'The forest is a fascinating place; one can feel attracted to its grandeur, or scared by its depth and darkness. This space of immensity echoes our childhood memories, through fairytale or play. Walking through the forest of my childhood in France, after many years, I remembered when we used to build a hut, and slowly the light would disappear, and darkness would surround us.'
Chrystel Lebas shot the Abyss series in forests where twilight, rather than creating a theatrical abundance of light and colour, heralds their loss. Using a panoramic camera and long exposures, Lebas observes the effects of the fading light, creating images that contain an imprint of the event as it unfolds over time.
The film Blue Hour invites us to experience the twilight in a Wiltshire bluebell wood in real time; to become aware of the barely perceptible shifts and nuances of the falling light and the sounds of the wood. Lebas has also made hour-long exposures at twilight near the border of Finland and Russia, where in winter twilight starts around 2pm.
These images are often the starting point for an investigation of childhood memories or the darker side of fairy tales. She calls her most recent work Between Dog and Wolf - a translation of the French expression for twilight that suggests its transformative and dangerous potential.http://www.vam.ac.uk/collections/photography/twilight/lebas/index.html
Gallery Vassie is proud to present a new series of photographs by Chrystel Lebas. Part of a larger series, this exhibition includes the ‘Blue Hour’ series of images from a bluebell forest in Wiltshire, England. Which were taken in France, Germany, Spain and Japan between 2003 and 2006.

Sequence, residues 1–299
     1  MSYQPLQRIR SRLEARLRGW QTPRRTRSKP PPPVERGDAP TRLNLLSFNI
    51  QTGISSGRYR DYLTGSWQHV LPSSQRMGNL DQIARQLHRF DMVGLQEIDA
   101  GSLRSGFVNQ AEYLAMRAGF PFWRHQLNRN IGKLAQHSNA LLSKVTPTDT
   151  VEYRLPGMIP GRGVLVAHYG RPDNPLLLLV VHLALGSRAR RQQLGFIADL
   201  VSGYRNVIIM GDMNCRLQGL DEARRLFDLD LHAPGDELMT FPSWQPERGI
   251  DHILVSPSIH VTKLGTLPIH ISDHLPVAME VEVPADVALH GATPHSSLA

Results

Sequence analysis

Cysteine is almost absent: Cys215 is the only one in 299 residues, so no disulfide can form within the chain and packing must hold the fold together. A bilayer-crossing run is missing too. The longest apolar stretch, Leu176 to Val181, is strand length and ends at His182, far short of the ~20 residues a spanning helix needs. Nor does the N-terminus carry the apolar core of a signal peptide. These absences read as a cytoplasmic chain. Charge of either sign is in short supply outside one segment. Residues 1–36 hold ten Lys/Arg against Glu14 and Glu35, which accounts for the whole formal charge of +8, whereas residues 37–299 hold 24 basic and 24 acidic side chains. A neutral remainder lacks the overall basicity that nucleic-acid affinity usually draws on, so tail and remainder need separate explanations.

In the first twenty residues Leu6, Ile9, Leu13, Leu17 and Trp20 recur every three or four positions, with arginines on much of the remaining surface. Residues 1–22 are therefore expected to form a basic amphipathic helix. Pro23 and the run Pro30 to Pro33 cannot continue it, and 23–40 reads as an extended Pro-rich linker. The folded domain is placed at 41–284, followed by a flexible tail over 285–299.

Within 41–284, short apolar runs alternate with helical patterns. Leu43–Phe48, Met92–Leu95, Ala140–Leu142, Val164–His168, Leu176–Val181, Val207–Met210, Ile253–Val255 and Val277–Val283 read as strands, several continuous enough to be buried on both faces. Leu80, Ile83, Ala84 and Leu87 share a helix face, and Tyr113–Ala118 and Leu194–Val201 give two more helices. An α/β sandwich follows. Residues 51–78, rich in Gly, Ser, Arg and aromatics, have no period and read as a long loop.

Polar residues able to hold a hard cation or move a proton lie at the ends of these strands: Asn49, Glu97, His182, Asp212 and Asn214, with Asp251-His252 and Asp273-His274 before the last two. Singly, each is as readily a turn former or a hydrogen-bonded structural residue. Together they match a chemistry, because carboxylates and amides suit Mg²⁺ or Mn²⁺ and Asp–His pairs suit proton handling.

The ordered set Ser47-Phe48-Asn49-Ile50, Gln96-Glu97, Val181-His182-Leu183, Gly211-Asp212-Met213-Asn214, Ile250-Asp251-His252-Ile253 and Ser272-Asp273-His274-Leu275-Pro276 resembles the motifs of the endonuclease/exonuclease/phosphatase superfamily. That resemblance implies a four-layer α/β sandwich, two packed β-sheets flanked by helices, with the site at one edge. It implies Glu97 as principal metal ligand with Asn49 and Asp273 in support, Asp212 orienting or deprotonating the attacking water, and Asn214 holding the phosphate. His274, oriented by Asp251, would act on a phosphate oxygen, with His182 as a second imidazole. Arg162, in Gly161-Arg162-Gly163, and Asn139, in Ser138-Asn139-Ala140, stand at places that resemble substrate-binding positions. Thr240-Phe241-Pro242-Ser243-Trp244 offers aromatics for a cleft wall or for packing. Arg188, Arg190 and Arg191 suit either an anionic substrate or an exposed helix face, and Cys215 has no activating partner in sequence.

The bluebells form a vast purple carpet extended to infinity in a forest just emerging from winter. Minimal natural light allows the bluebell to emit a blue ray that vibrates against the light green of unfurling foliage. The resulting vibrant colour indicates the symbolism of ‘the green ray’ or ‘magic hour’ of fairytales, stories and legends.
Chrystel Lebas graduated from the Royal College of Art in 1997. Her photographs appear in several international private and public collections and this exhibition coincides with an exhibition of Lebas’s work at The Victoria & Albert Museum in London, where her work is also held in their permanent collection. Her first monograph L’espace temps – Time in Space, received the British Book Design and Production Award 2004 and was exhibited at the Rencontres d’Arles Book Award 2004.
This new body of work made between 2003-2006 are photographs taken in forests in France, Germany, Finland and Japan during the hours of twilight. The forest is a fascinating place; one can feel attracted to its grandeur or scared by its depth and darkness. This space of immensity echoes our childhood memories through fairytale or play. “Walking to the forest of my childhood in France, after many years, I remember when I used to build a hut, and slowly the light would disappear, and darkness would surround us. The excitement of being inside this small shelter, protected by the large trees, overturned our fears and instead we felt protected.” Says Lebas.
These images are taken in places, such as the Black Forest in Germany, which are imbued with myth and legends. The forest is a fascinating place; one can feel attracted to it’s grandeur, or scared by its depth and darkness.’ Chrystel Lebas from Between Dog & Wolf.
Chrystel Lebas’s new book — Between Dog and Wolf, a monograph, is also available for purchase at the gallery.
Chrystel Lebas is represented by Gallery Vassie where her work is held permanently in stock. Please ask to view further images.